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Effective Population Size and Genetic Variability in the BS11 Maize Population


This article in CS

  1. Vol. 40 No. 2, p. 338-346
    Received: June 28, 1999

    * Corresponding author(s): krlamkey@iastate.edu
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  1. Peter S. Guzmana and
  2. Kendall R. Lamkey *b
  1. a Dep. of Agronomy, Univ. of the Philippines-Los Banos, 4031 College, Laguna, Philippines
    b USDA-ARS, Dep. of Agronomy, Iowa State Univ., Ames, IA, 50011 USA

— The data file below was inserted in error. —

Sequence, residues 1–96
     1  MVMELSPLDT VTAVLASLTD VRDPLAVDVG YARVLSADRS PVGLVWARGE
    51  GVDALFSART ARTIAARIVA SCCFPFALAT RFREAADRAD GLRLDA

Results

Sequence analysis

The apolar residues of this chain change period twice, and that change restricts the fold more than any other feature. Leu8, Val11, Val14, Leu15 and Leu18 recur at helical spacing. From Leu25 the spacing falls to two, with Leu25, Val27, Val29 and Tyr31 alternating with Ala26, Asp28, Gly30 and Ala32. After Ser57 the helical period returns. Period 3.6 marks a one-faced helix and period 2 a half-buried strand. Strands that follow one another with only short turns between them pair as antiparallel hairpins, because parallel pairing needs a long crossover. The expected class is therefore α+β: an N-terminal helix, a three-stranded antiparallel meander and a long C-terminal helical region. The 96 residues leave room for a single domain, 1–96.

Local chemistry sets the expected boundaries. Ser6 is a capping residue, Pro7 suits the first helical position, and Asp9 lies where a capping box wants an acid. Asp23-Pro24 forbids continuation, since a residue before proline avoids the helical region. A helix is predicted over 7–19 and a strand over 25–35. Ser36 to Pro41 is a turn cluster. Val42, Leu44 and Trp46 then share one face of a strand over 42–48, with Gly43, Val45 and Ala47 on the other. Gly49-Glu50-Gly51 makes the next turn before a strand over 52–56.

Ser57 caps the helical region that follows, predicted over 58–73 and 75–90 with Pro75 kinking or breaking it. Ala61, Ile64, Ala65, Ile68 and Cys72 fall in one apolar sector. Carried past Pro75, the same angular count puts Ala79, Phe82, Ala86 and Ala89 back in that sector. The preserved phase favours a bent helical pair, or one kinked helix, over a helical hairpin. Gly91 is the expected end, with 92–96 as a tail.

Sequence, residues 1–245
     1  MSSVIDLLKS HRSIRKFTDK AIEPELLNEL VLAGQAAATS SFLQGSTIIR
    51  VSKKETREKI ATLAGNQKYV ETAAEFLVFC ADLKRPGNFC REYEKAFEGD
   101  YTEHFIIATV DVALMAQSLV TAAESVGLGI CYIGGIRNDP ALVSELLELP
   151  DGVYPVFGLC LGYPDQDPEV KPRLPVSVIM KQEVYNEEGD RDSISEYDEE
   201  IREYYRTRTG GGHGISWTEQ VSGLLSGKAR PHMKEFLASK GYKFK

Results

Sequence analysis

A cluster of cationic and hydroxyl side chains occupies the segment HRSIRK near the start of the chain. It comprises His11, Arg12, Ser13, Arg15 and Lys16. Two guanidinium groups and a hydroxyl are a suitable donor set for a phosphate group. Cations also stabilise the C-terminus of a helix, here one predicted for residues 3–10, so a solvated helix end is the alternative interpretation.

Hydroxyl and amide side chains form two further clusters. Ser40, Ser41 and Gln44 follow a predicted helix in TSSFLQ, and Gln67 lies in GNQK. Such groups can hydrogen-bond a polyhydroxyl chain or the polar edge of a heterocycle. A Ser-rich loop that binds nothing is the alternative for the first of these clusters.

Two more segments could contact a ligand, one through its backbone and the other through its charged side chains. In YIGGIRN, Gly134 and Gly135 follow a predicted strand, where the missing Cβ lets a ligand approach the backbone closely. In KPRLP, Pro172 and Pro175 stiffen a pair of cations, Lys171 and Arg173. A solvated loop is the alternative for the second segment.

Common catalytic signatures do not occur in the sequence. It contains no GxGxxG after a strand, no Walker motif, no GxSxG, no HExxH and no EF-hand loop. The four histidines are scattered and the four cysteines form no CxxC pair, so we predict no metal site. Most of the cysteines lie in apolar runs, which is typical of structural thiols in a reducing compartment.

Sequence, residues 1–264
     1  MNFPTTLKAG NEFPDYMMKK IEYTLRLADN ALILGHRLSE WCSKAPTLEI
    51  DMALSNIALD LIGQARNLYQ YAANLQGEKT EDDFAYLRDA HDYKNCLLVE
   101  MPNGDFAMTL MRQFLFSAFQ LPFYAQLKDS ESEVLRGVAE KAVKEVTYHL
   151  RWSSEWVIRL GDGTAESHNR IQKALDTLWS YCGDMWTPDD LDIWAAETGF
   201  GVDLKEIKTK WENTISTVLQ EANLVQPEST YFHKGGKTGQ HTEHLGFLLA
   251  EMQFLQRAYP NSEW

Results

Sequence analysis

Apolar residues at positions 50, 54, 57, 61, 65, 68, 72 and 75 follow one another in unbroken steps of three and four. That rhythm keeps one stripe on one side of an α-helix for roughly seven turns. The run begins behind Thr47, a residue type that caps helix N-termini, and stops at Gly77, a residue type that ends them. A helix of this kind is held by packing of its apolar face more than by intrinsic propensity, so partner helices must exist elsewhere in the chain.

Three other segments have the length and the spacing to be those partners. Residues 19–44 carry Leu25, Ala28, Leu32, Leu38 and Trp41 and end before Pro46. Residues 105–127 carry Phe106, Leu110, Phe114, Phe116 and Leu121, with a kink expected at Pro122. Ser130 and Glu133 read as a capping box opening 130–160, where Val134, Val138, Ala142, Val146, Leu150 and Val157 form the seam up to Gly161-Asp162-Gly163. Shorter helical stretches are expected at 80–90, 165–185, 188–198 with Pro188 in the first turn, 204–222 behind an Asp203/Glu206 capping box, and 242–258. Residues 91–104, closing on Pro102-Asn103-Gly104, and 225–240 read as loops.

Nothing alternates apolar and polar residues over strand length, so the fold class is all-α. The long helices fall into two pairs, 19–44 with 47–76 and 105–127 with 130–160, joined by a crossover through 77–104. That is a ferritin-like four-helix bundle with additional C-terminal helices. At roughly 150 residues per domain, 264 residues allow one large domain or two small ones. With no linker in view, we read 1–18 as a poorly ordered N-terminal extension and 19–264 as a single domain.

Use of adequate effective population size in maize (Zea mays L.) recurrent selection programs is important because of random genetic drift and inbreeding depression. The objectives of this study were to (i) evaluate the performance of the BS11 Cycle 0 (C0) and the BS11 Cycle 5 (C5) populations from four S1-progeny selection programs each with a different effective population size (5, 10, 20, or 30) but with a common selection intensity of 20%, and (ii) compare the additive genetic variance among the C0 and C5 populations. Five cycles of selection were conducted by intermating 5, 10, 20, or 30 lines. One hundred thirty C5 S1 lines from each of the selected populations (i.e., C5–5, C5–10, C5–20, and C5–30) and 100 C0 S1 lines were topcrossed to BS11 C0. The resulting half-sib progenies were evaluated at five environments in a replications-within-sets incomplete block design. The four selection programs resulted in significant increases in grain yield, reduced grain moisture, and reduced root and stalk lodging. For yield, the 10-S1 program showed the highest gain cycle−1 of 0.16 Mg ha−1 followed by the 30-S1 program with 0.13 Mg ha−1 cycle−1 The 5-S1 program had a higher gain cycle−1 than the 20-S1 program. The additive genetic variance for yield did not change significantly. Heritability for yield was highest for C5–20, but no significant differences were observed among populations. These results suggest little to no advantage of using larger effective population sizes to maintain genetic variability for short-term recurrent selection.

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